What is a cell phone? How does it work?
A cell phone is a portable telephone. A cell phone uses a network of “base stations,” or fixed antennas, that allow users to place calls from almost any location. The phones send and receive radiofrequency signals to and from the base station. Base station antennas often are mounted on towers. They can also sit on rooftops, water towers, power poles, and other tall structures. All cell phones are tested according to government standards. Cell phones cannot be marketed or sold unless they have passed these standards. More information about these standards and test information for specific phone models are available at the Federal Communications Commission
What is RF?
RF stands for “radiofrequency” energy or radiation. Electromagnetic radiation consists of waves of electric and magnetic energy moving together (radiating) through space. Radio waves and microwaves released by transmitting antennas are one form of electromagnetic energy. Often the terms “electromagnetic field” or “radiofrequency field” are used to indicate the presence of electromagnetic or RF energy.
What is non ionizing radiation?
RF fields are non ionizing radiation. Non ionizing radiation has lower energy and longer wavelength than ionizing radiation. It is not strong enough to change the structure of atoms it contacts but may be strong enough to heat tissue. Examples include radio waves, microwaves, visible light, and infrared.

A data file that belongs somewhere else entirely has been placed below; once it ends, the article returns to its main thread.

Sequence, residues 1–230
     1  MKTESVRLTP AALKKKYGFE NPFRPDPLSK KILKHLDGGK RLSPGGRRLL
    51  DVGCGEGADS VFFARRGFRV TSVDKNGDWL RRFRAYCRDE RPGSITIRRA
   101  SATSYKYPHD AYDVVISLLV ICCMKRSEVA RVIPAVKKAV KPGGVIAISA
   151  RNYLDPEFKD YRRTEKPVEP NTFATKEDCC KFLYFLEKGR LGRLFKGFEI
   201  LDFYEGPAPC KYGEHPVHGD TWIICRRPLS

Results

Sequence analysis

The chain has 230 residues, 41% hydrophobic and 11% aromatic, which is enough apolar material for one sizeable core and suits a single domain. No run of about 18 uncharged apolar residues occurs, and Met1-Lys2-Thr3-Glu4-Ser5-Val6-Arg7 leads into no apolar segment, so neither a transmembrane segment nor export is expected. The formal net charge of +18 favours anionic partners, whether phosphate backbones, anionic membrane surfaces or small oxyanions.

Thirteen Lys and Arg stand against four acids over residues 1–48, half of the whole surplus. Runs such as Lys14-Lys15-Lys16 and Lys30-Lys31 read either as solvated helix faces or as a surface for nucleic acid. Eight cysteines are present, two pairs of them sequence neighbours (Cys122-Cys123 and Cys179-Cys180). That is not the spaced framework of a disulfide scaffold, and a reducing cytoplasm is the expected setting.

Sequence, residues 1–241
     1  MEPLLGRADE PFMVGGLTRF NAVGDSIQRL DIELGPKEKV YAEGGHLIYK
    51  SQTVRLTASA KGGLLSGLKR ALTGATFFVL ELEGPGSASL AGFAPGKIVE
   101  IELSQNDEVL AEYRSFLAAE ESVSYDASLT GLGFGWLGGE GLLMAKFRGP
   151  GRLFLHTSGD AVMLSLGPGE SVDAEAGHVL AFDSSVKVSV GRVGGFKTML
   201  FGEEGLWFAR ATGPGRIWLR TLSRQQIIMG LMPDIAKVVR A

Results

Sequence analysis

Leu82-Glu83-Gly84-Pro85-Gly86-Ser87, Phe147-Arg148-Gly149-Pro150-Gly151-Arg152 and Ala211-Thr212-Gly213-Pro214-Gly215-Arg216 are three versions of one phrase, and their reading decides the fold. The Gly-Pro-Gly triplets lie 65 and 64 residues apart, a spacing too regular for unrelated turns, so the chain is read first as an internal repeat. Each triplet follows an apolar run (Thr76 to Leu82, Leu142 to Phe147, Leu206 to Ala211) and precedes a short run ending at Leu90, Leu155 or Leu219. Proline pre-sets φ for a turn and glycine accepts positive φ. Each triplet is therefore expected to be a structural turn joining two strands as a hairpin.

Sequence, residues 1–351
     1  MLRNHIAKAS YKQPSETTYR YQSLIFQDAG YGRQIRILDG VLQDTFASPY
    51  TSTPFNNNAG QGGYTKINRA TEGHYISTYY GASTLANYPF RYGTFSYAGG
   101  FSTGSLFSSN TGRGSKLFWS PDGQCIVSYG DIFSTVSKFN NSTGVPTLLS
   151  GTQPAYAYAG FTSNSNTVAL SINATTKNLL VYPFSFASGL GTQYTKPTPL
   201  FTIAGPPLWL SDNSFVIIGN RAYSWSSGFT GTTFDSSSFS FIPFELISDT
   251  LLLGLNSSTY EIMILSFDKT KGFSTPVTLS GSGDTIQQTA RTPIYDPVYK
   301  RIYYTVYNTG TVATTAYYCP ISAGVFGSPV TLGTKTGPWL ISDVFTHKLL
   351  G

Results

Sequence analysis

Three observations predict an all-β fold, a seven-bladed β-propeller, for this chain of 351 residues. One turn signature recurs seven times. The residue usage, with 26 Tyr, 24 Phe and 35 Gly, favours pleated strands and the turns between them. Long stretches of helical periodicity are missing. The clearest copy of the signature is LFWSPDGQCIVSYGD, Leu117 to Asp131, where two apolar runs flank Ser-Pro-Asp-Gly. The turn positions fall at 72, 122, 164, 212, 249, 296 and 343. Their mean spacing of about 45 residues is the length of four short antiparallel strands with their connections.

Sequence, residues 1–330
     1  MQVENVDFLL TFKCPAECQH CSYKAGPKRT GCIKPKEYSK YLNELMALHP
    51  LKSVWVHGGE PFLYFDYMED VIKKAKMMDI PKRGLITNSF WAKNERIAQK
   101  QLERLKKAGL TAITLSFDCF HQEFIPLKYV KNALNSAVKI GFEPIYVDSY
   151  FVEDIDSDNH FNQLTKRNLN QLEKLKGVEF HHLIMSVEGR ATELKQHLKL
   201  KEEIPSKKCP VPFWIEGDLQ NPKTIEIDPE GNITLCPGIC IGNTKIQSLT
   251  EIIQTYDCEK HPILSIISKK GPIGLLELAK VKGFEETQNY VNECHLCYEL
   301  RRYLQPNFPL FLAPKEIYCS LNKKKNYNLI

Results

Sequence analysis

RF radiation is not the same as ionizing radiation, such as x-rays or gamma rays. Ionizing radiation potentially can result in chemical changes in the body. Because RF fields have lower energy they cannot cause ionization.
What is ELF radiation?
ELF stands for “extremely low frequency” radiation. ELF is another type of non ionizing electromagnetic radiation. It is emitted by electric current such as overhead power lines or anything else with electricity flowing through it. Even though they are both non-ionizing, RF radiation is much higher frequency than ELF radiation and therefore is potentially more harmful.
Does using a cell phone cause health problems? Can using one cause cancer?
In the last 15 years, hundreds of new research studies have investigated whether health problems can be linked to cell phone use. Some of these studies have suggested the possibility that long-term, high cell phone use may be linked to certain types of brain cancer. These studies do not establish this link definitively. Scientists will need to conduct more studies to learn more about this possible risk. Studies have also addressed the risk of injury to drivers and to pedestrians using cell phones; other activities of daily living may also be associated with increased risk of injury when using a cell phone.
In addition to investigating the association between cell phone use and cancer, many researchers including the World Health Organization are studying other health effects. These include the potential development of benign tumors of the nerve connecting the ear and the brain (acoustic neuroma) as well as effects on the eyes, sleep and memory problems, and headaches. Information about the WHO study can be found at http://www.iarc.fr/en/media-centre/pr/2010/pdfs/pr200_E.pdf.